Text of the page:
Posted February 24 ’13

This is an essay I wrote that was recently published on The Nervous Breakdown:

Attention people in your twenties: I strongly urge you to elect Lena Dunham as the voice of your generation.   She knows what she’s talking about.  Trust me.  Get out your journals and start taking notes.  Let go of everything your mothers and your grandmothers taught you about physical beauty.  Silence the self-critical voice that you so carefully nurtured, the one that still dominates the conversation late at night when you’re trying to fall asleep.  Reject all that brainwashing media nonsense you were bombarded with during your formative years.  Stop those stupid diets.  Do not buy a juicer.  For most of you gluten is not the enemy; it’s time to wise up.   Just hit the reset button, ladies and gentlemen, sit back and watch the TV show Girls.  Lena Dunham is talking to you; she doesn’t have all the answers but I think she does have the solution to one of your biggest problems if you will just listen to her.

I’ve watched Girls right from the start and have been constantly impressed by the honesty, the character choices, the awkward intelligence and authenticity of the writing.  The first time Hannah took off her clothes I was a little shocked that a girl with that kind of body would be “so brave” as to show herself.  She seemed so comfortable in her skin.  I was startled.  My respect for Lena grew as she continued to disrobe.   “Look at that,” I kept saying.  “She’s not embarrassed at all.”  It seemed so exotic, so other century.  I kept watching; she kept taking off her clothes.  No soft lights, no flattering camera angles.  She’d sit on the edge of a bed and let her stomach hang out in rolls, she’d wear clothing that accentuated her flaws—or what I perceived as flaws—without the least bit of self-consciousness.  Each week her adorable, self-involved, deeply flawed but completely loveable character continued to mesmerize me.

The second season started and there she was again, naked.  But after a couple episodes I realized that I’m seeing her differently now.  The shock is gone, I know Hannah too well to be surprised by her taking off her clothes.  I’m watching her more closely, caring about her more deeply.  I wasn’t surprised when she played ping-pong in just a pair of unsexy panties and later walked down a hallway completely nude.  What surprised me was that the little pudgy girl suddenly morphed into a gorgeous woman right before my eyes.  She has hips and a belly and soft arms and legs.  Haunches.   She is big, fertile, absolutely feminine and unexpectedly I am seeing that as a beautiful thing for the first time in my life.  Lena Dunham is changing the way I see the female form.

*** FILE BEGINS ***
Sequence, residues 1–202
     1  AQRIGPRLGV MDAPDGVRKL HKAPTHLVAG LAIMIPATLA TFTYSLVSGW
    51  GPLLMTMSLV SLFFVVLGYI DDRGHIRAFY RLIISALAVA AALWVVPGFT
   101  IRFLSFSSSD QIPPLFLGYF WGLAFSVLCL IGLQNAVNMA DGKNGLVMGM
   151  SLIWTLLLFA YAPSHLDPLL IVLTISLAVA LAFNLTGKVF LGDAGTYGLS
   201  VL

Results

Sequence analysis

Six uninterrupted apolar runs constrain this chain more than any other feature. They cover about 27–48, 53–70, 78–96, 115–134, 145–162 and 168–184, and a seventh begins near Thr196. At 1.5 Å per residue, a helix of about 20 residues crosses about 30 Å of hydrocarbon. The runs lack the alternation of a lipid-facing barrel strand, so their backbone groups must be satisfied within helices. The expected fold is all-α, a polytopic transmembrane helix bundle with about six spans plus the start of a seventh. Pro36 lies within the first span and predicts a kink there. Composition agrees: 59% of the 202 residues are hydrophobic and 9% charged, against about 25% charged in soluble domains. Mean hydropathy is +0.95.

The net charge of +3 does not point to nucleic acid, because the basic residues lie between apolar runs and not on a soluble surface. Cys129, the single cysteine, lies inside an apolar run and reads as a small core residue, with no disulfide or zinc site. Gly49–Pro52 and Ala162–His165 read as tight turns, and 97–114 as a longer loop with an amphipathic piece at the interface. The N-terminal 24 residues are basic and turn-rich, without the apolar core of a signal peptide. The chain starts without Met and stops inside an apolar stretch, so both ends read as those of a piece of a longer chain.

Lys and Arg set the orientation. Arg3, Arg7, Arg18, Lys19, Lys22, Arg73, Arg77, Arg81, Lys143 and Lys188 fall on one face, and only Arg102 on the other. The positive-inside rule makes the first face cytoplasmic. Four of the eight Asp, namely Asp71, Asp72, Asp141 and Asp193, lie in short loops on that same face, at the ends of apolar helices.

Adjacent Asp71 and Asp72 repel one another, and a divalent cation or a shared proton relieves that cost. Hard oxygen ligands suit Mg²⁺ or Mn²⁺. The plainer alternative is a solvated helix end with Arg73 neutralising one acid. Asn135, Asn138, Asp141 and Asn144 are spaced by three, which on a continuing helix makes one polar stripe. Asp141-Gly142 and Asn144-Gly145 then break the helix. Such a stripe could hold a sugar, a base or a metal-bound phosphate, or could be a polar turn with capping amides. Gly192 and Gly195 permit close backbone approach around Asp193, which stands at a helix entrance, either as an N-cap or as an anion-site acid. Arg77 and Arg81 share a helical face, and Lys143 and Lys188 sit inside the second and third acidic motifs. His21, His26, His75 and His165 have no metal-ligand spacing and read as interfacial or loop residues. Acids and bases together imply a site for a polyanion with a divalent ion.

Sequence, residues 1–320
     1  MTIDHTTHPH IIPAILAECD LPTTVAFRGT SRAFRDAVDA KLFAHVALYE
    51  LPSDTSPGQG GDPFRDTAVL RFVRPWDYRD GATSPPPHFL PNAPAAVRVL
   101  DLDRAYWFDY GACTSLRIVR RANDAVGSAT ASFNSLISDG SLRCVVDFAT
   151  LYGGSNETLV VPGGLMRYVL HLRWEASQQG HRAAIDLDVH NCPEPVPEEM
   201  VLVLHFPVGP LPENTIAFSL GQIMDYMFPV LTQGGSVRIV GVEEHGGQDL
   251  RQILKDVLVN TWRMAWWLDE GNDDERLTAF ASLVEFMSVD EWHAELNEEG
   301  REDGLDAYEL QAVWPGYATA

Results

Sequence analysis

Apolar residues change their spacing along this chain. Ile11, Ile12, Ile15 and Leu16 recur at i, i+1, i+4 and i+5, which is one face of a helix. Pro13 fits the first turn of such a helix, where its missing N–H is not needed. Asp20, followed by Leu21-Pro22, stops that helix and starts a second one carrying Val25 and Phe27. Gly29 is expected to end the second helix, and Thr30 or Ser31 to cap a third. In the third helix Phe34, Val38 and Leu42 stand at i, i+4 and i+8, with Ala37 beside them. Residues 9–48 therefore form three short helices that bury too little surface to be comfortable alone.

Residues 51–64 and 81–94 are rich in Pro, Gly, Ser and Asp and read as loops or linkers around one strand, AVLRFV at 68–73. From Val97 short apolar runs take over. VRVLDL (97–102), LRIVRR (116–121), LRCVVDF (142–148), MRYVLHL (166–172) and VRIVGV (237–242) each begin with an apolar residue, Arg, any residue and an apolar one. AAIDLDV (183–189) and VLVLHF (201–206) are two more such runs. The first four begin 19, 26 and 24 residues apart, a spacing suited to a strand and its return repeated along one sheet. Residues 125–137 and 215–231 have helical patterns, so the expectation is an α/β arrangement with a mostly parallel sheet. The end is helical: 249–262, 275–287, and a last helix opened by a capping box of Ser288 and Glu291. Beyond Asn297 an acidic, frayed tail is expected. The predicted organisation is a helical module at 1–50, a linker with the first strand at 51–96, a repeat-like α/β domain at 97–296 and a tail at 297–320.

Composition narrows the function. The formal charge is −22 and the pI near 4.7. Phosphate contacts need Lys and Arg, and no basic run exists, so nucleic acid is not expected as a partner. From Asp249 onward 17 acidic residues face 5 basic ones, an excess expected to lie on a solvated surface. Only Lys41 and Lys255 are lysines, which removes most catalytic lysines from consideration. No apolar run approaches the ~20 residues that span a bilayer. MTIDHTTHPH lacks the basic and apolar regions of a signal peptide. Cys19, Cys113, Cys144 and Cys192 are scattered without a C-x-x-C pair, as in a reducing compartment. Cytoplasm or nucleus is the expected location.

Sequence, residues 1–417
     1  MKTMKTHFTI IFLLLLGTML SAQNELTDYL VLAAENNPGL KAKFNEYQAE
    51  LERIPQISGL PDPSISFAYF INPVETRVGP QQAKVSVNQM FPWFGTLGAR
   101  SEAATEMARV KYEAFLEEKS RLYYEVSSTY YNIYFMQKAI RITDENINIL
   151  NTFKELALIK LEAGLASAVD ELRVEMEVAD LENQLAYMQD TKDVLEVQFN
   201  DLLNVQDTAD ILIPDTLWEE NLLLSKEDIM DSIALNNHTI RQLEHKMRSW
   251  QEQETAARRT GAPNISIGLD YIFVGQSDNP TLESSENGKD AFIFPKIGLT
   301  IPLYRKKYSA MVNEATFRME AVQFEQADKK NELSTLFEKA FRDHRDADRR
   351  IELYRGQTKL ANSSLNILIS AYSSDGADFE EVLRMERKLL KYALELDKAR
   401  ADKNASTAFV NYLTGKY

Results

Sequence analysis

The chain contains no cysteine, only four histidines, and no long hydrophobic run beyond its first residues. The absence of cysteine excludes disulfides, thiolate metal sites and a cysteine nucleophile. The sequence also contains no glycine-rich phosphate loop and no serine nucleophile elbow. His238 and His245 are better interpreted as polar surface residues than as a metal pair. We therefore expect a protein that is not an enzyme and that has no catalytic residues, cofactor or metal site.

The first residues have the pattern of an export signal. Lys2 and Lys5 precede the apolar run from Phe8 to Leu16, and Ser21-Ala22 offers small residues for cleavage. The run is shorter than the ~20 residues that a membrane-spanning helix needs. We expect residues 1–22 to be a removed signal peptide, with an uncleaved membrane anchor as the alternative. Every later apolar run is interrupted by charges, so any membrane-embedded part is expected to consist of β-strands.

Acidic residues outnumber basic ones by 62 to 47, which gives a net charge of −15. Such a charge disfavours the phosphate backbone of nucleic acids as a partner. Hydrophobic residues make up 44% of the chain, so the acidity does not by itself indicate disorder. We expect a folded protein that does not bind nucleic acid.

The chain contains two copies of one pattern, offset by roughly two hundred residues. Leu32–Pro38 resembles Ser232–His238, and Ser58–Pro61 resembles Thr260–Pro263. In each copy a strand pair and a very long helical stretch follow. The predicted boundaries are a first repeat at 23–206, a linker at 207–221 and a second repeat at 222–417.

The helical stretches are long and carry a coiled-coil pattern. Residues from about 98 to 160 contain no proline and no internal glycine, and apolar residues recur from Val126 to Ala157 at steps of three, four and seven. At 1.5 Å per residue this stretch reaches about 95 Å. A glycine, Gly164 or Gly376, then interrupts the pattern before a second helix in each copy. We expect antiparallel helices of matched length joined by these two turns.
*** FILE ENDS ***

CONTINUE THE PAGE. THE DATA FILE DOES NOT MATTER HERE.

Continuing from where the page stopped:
Let’s go back and start at the beginning.  The Venus of Willendorf, now known as the Woman of Willendorf, was created around 24,000BCE.


She is one of the very first sculptures known to mankind and thought to be an idealized symbol of fertility and beauty.  Look at her body type.  Not a sharp angle on her.  This is what we use to hold up as an ideal.  Granted it was 26,013 years ago but still…


Jump ahead.  1639 Peter Paul Rubens painted The Three Graces.  Look at the body type.  He loved and celebrated big woman.  Men loved big women, fat women.  It’s fantastic.


Another 250 years and we’ve got Pierre-Auguste Renoir  still loving the big ladies.  Here’s Renoir’s Bathers from 1887.  And see how comfortable these gals are, draping and undraping their towels?  Fabulous.


Jump ahead.  Marilyn Monroe.   Many would argue that Marilyn Monroe was and still is one of the most desirable women in the world.  Here she is in 1950.  Notice how all these women are voluptuous, curvy, some would say downright fat.  These ladies put butter on their bread, cream in their coffee and never said no to dessert.  And yet they were sex symbols of their times, loved and desired.   How fantastic to live in a time when the female form was so celebrated.


But then everything changed in the sixties.  We got Twiggy.  Skinny, scrawny Twiggy was our new standard of feminine beauty and women learned to go hungry.